67 Things You’re Not Doing If You’re Watching Television

According to Dave Ramsey and Tom Corley, one of the ways rich people differ from poor people is that poor people watch a lot more television, and a lot more “reality” television. When I mention this to my poor friends and family members, I get flack.

“I LIKE Pawn Stars!” (Or whatever reality shows they watch.)
“I keep it on just for company.”

Ugh! I am not, and have never been, a fan of television. I’ll watch it if there’s nothing better to do, and I do like to watch Wheel of Fortune and Jeopardy! on occasion, but not enough to bother paying for cable or satelite TV.

There are a few reasons why television is bad for your financial bottom line.

First off, television shows are NOT primarily made in order to inform or entertain. Any information or entertainment value in the shows is meant as an adjunct to their real purpose, which is to enhance the effectiveness of the advertisements. Because after all, it’s the advertisers, not the viewers, who pay for the content. So while you may see programs like Extremem Hoarders, where they deal with consumerism gone mad, a program that speaks out against consumerism and tells you that you should only buy what you can afford, and what you need, will likely never get made.

Watching Wheel of Fortune the other day at my parents’ house brought this point home to me. Because I don’t watch television very often, I was very sensitive to what was being advertised and how. Not just any vacation, but luxury cruises. I had to have one! Pictures of Vegas and gourmet restaurants flashed across the 55″ screen in living colour. I so wanted to go!

Later the same day, watching Mike Holmes go to work, I became dissatisfied with my house. The renovation featured a bar, and because the renovation crew was not spending their own money, they really went to town. They produced a beautiful bar, but the total cost was something in excess of twenty-five thousand dollars!

So the true purpose of television is to encourage you to spend money you probably don’t have on things you really don’t need.

But that isn’t the only damage, or even the main damage, that is done by television. After all, though most of my poor friends lust after that luxury cruise, they don’t go on one because they can’t even line up the credit to pay for it. And they can’t line up the credit to pay for it because they aren’t earning the money to get the credit to pay for it.

Because television does more than make you want things you don’t have. It sucks up your time, and displaces activities that would otherwise be enriching your life. The list below is off the top of my head–I’m sure all of my readers can add items I’ve missed. I’ve done most of these things, and I want to do most of the items on the list that I haven’t yet done. (Especially the first one–that is totally cool!)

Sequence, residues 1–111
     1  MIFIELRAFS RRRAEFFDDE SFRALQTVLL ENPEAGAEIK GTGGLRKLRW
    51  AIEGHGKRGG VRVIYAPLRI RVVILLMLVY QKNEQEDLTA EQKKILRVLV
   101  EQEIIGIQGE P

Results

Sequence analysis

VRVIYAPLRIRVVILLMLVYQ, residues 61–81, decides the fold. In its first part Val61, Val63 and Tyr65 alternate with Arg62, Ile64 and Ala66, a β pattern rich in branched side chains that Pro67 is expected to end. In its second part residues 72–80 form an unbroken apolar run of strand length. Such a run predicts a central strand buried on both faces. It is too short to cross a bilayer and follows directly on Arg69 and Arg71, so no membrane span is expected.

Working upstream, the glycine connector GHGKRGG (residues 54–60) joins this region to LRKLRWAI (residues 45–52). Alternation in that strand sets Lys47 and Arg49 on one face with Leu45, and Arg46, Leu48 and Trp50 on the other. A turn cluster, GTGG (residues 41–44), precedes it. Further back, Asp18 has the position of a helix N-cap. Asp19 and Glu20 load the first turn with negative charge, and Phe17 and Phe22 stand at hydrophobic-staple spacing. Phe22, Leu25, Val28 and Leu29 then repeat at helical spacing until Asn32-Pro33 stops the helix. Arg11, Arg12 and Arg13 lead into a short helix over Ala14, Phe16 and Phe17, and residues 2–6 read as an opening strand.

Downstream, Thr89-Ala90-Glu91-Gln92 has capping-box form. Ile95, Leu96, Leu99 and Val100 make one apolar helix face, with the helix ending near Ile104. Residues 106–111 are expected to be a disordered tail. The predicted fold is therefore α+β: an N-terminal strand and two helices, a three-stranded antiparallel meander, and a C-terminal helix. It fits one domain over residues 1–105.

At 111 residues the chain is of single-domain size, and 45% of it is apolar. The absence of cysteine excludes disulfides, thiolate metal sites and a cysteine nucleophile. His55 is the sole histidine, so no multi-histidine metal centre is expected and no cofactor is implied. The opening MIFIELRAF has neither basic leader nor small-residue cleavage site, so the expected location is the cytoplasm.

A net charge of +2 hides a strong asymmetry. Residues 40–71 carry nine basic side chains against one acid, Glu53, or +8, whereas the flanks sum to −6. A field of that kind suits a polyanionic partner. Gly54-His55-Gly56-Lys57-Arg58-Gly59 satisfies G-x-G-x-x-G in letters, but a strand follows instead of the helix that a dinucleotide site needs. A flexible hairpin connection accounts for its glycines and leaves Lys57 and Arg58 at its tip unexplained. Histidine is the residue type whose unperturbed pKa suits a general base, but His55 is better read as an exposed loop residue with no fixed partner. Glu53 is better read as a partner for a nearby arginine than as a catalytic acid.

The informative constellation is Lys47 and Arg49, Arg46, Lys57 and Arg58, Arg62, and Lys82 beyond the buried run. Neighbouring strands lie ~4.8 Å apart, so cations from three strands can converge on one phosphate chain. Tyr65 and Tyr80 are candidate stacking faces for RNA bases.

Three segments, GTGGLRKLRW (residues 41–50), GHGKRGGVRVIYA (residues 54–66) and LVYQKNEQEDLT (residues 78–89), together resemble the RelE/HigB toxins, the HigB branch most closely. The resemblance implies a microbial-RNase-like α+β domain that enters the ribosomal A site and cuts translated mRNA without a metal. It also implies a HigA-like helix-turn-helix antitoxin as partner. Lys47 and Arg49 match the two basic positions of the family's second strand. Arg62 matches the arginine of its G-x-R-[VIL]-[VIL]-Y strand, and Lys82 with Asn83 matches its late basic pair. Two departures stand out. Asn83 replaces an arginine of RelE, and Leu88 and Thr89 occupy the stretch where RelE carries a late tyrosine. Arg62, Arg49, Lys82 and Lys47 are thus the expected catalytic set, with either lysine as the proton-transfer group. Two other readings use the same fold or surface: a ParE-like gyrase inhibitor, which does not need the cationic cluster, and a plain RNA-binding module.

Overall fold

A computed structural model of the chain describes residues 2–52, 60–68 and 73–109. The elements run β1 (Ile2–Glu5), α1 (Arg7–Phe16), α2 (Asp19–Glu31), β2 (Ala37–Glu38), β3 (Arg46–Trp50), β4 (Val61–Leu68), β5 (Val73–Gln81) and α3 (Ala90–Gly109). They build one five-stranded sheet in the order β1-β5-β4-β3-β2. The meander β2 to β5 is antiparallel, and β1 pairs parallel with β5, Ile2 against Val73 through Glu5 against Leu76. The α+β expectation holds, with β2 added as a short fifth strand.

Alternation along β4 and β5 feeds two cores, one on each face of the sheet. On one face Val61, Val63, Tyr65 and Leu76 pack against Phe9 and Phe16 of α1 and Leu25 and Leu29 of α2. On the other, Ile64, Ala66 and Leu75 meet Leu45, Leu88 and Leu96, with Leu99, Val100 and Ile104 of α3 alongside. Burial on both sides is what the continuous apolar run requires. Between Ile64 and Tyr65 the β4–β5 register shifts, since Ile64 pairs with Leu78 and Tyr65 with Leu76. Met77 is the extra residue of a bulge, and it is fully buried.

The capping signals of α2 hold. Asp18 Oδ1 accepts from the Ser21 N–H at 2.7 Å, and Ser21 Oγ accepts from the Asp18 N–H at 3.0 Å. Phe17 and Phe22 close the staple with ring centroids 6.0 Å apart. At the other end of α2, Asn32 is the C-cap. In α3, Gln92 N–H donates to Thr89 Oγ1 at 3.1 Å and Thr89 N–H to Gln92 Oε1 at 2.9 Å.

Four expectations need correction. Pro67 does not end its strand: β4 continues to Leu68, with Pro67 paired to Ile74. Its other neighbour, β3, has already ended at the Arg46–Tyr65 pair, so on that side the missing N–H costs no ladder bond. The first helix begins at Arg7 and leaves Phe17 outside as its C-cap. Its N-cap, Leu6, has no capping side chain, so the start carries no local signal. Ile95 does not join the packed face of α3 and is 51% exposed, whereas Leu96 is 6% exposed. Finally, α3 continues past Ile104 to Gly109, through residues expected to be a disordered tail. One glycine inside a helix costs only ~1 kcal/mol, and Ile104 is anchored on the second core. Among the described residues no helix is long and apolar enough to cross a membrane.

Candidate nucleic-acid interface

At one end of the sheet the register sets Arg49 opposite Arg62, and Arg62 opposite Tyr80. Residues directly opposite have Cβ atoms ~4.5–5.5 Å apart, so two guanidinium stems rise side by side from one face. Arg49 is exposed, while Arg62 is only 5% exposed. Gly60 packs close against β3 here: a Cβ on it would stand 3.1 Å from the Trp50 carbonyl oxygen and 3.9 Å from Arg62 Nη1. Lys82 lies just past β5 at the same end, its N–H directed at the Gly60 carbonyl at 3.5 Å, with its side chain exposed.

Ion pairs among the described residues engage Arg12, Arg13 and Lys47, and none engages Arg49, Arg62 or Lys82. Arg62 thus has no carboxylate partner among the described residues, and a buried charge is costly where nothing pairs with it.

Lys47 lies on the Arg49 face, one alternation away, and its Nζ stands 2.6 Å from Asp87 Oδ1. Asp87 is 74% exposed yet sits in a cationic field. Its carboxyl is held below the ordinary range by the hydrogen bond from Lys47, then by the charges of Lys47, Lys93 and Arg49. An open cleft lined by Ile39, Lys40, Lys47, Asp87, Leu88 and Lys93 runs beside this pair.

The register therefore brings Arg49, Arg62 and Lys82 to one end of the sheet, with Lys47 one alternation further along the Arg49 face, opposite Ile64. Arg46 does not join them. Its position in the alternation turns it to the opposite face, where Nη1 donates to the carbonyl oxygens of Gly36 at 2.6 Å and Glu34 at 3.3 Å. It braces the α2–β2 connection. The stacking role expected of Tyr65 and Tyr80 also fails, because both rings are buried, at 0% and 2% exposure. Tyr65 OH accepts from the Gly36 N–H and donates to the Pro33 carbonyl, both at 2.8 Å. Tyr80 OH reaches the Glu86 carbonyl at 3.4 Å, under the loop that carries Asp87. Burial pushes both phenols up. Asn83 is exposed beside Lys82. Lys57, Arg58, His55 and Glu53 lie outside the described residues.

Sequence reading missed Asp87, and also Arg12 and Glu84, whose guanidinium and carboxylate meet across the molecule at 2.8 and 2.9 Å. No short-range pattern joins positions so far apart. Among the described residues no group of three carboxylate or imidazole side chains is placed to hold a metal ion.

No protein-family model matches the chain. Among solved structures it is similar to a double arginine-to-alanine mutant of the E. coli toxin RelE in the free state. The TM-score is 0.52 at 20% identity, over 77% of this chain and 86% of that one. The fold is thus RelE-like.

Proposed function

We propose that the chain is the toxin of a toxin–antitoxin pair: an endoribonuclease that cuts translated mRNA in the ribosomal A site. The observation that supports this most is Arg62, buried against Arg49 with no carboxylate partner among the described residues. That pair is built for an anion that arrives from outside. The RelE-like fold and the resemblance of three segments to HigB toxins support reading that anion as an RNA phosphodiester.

1)  using cardboard props to re-enact scenes from your favourite movies
2)  riding a horse
3)  competing in the Olympics
4)  earning money at a job
5)  walking a dog
6)  changing the kitty litter
7)  cleaning the goldfish tank
8)  having a garage sale
9)  washing the dishes
10) doing the laundry
11) sleeping soundly
12) watching a sunset or sunrise
13) gardening
14) playing hide and seek with a child
15) playing board games with your family
16) reading a book
17) writing a book or a blog post
18) running a marathon
19) cooking a gourmet meal
20) sewing a wedding dress for a friend
21) crafting a doll
22) learning to juggle
23) practicing an instrument
24) composing music
25) attending a concert
26) having a real conversation
27) hugging a child
28) making love
29) going on a road trip
30) making a beaded necklace
31) snowshoeing
32) cross country skiing
33) sledding down a hill
34) building a snowman
35) shovelling snow
36) swimming
37) canoeing
38) camping
39) taking a college course
40) drawing a face
41) painting a room
42) singing in a choir
43) building a house
44) making your bed
45) visiting your grandfather
46) jumping off a cliff
47) travelling to another country
48) learning a new language
49) looking through your photo albums
50) hosting a party (unless it’s a Superbowl Party)
51) reorganizing your pantry
52) comforting a distraught friend
53) working out
54) getting a massage
55) giving a massage
56) starting a business
57) building up your business
58) volunteering at the animal shelter or hospital
59) sitting on the board of directors for a charity
60) organizing a Nativity Pageant
61) running for public office
62) acting in a movie
63) teaching a person or a class
64) playing a sport
65) riding a bike
66) renovating your home
67) taking a luxury cruise

So if you’re an “average” North American, and sit for four or more hours per day in front of a screen, passively ingesting advertising cleverly disguised as content, you might want to displace at least some of that time with more active past times. Your wallet and your body will thank you!

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About Ruth Cooke

Ruth Cooke B.A, M.Div., MPS is a writer, public speaker, and itinerant preacher whose areas of expertise and interest include poverty issues and solutions, parenting exceptional children, sexual orientation, and the place of religious institutions in society. If you would like Ruth to come preach, speak or lead a class or group, please contact her via email.
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